Determining The Origin of an Ellipse
By Kathleen Cantor, 03 Jul 2020
An ellipse is a stretched circle, literally speaking. This is a shape that results from transecting a plane through a conical shape, and as such, both a circle and an ellipse are examples of conical sections.
The conic shape of an ellipse is determined by the angle of intersection between the plane and the cone; otherwise, a parabola or hyperbola can be formed. In essence, a circle is an ellipse with the same radius across its diameter, and ellipses are created by stretching circles along the x or y-axis, in any direction.
How are ellipses formed?
Since an ellipse is formed by intersecting a right circular cone with a plane, its best definition begins with a circle to graphically transform and arrive at an ellipse's general formula. The distance from the center of the cycle to any point is the same and has only one constant radius.
Changing a circle into an ellipse involves stretching or squeezing the radius so that distances between the center and the edges are not constant. Distorting the circular shape means there is no symmetry, and a scaling factor is applied to the coordinate factors.
Conic sections can be described by coordinate points of the planar intersection, and these coefficients form a variable equation that determines the shape of the ellipse. From two fixed points on the ellipse, the sum of the x and y distances is a constant, and each of these points is known as a focus or foci in the plural.
Two types of ellipse shapes can be formed, a vertical major axis ellipse and a horizontal major axis ellipse, with the difference being in their orientation.
Properties of an ellipse
Dependent on the orientation of an ellipse, i.e., whether vertical or horizontal, an equation can be used to determine the association of specific coordinates. When a cone is intersected at its base by a plane, an ellipse is formed, and so are two focal points or foci.
The constant sum of distances from the foci has to be arrived at, and an ellipse also has a center, major and minor axes.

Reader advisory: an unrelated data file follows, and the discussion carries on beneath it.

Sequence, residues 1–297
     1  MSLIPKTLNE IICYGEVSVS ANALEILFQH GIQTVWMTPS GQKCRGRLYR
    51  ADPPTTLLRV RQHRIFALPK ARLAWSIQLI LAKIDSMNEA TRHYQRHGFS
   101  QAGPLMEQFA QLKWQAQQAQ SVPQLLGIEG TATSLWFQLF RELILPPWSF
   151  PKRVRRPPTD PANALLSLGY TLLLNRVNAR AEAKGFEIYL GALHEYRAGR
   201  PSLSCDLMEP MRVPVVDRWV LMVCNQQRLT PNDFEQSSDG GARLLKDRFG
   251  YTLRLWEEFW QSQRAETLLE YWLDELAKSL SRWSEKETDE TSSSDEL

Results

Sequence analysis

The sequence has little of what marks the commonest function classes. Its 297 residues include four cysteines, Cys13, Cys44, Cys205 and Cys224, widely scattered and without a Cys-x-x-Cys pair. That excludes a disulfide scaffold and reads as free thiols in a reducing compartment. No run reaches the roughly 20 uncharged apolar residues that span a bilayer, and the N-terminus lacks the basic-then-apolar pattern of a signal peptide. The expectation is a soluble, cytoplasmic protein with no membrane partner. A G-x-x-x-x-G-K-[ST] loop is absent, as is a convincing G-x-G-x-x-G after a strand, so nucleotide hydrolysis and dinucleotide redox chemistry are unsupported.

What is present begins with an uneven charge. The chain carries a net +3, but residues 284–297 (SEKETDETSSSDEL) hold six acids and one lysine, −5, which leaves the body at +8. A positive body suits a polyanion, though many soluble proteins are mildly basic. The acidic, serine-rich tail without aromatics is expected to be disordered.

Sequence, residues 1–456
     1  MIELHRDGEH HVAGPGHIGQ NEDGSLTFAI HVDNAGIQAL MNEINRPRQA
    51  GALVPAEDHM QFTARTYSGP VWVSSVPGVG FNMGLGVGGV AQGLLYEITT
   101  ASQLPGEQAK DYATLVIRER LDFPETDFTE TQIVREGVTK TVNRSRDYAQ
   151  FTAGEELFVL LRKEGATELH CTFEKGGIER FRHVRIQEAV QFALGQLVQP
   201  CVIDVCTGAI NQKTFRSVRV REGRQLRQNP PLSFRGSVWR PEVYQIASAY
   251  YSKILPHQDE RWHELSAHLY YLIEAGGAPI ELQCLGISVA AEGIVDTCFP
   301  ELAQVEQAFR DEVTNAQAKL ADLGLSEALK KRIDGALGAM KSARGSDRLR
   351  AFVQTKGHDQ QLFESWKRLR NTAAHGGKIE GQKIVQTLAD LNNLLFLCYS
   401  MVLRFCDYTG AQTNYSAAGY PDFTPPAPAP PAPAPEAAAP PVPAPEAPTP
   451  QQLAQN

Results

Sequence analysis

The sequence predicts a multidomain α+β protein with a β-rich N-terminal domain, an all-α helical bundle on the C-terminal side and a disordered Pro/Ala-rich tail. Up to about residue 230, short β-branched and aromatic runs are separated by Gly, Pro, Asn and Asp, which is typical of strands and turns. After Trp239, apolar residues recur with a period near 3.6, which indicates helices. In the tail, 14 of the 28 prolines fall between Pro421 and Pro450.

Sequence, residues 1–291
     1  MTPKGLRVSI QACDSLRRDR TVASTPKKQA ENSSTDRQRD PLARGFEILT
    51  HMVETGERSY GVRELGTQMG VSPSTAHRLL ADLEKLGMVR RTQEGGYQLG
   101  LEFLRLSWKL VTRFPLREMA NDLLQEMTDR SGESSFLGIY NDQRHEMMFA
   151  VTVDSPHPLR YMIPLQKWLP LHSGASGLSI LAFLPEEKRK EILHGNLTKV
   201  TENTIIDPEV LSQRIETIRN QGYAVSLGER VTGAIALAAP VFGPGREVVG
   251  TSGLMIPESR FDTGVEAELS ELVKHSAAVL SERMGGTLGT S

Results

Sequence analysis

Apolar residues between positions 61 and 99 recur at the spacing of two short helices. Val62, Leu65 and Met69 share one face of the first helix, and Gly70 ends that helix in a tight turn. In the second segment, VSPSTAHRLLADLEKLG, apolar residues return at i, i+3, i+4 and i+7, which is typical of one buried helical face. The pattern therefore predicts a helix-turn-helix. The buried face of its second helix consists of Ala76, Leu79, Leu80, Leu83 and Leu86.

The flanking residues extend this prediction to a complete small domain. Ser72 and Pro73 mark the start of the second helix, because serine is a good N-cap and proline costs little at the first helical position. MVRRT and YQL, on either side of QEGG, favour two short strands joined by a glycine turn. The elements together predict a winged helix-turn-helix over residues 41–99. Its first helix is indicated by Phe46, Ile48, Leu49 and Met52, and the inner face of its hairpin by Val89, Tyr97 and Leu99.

With these associations reversed for the opposite orientation, an ellipse will consist of;
- A center: The center of an ellipse is where both the x and y-axis intersect coordinates k and h are
- Major axis: The longest width of an ellipse, where it stretches longer, is its major axis. Horizontal ellipses have their major axis parallel to their x-axis, while vertical ones will have it on their y-axis.
- Minor axis: This is the shortest width of an ellipse, and for horizontal ellipses, their minor axis is on their y-axis. The minor axis has a length, and its coordinate endpoints are known as minor axis co-vertices.
- The Foci: These are two focal points that characterize an ellipses' curvature and shape, and they have focal length coordinates.
- Eccentricity: Conic sections such as ellipses have eccentricity values, which have range values. At the eccentricity of zero, an ellipse becomes a circle, while an eccentricity of one gives rise to a parabola conic shape.
Examples of ellipses with low eccentricity are the orbit of planets around their stars, and the orbit of moons to planets, which are nearly circular. Comets, on the other hand, have high eccentricity in their orbits around the sun.
Elliptical orbits of planets and comets use the sun as one of their focal points.
Ellipses that are centered at the origin
Having defined horizontal and vertical ellipse orientations as positions based on the coordinate plane, other ellipses exist, including those with rotated coordinates. Horizontal and vertical ellipses have axes that lie on either the y and x-axis, and two cases must be considered to work with them.
- Whether an ellipse is centered at the origin
- If the ellipse is centered at points other than the origin
To bridge the geometric and algebraic relationship representations of ellipses, a standard form of their equation is vital. Features of ellipses can be identified by the equation standard form to categorize ellipses by variations of position and the location of the center.
A mental picture of the ellipse can then be formed by interpreting horizontal, vertical, origin centered, and not origin centered ellipses.
The ellipse standard form equation centered at the origin is x2a2 + y2b2 = 1 given the center is 0, 0, while the major axis is on the x-axis. In this equation;
- 2a is the length of the major axis
- Vertices coordinates are a and 0
- 2b is the length of the minor axis
- Co-vertices coordinates are 0 and b
- Where c2 = a2 – b2, the foci coordinates are c and 0
The foci, vertices, and co-vertices are made to relate through this equation, c² = a² - b². This relationship can be used to find the standard form equation of that ellipse.
Writing the ellipse equation when it’s centered at the origin
Ellipses are asymmetrical, meaning that the vertices' coordinates are centered around its origin, and will always be represented by a,0 and c,0, as the shape taken by the conic section. Foci coordinates have the equation representation c,0 or 0,c.
As such, the a and c from a given point can be used within this equation, c² = a² - b² to arrive at the b² coordinates. Before applying his equation, however, you need to determine which axis, x or y that the major axis of the ellipse lies
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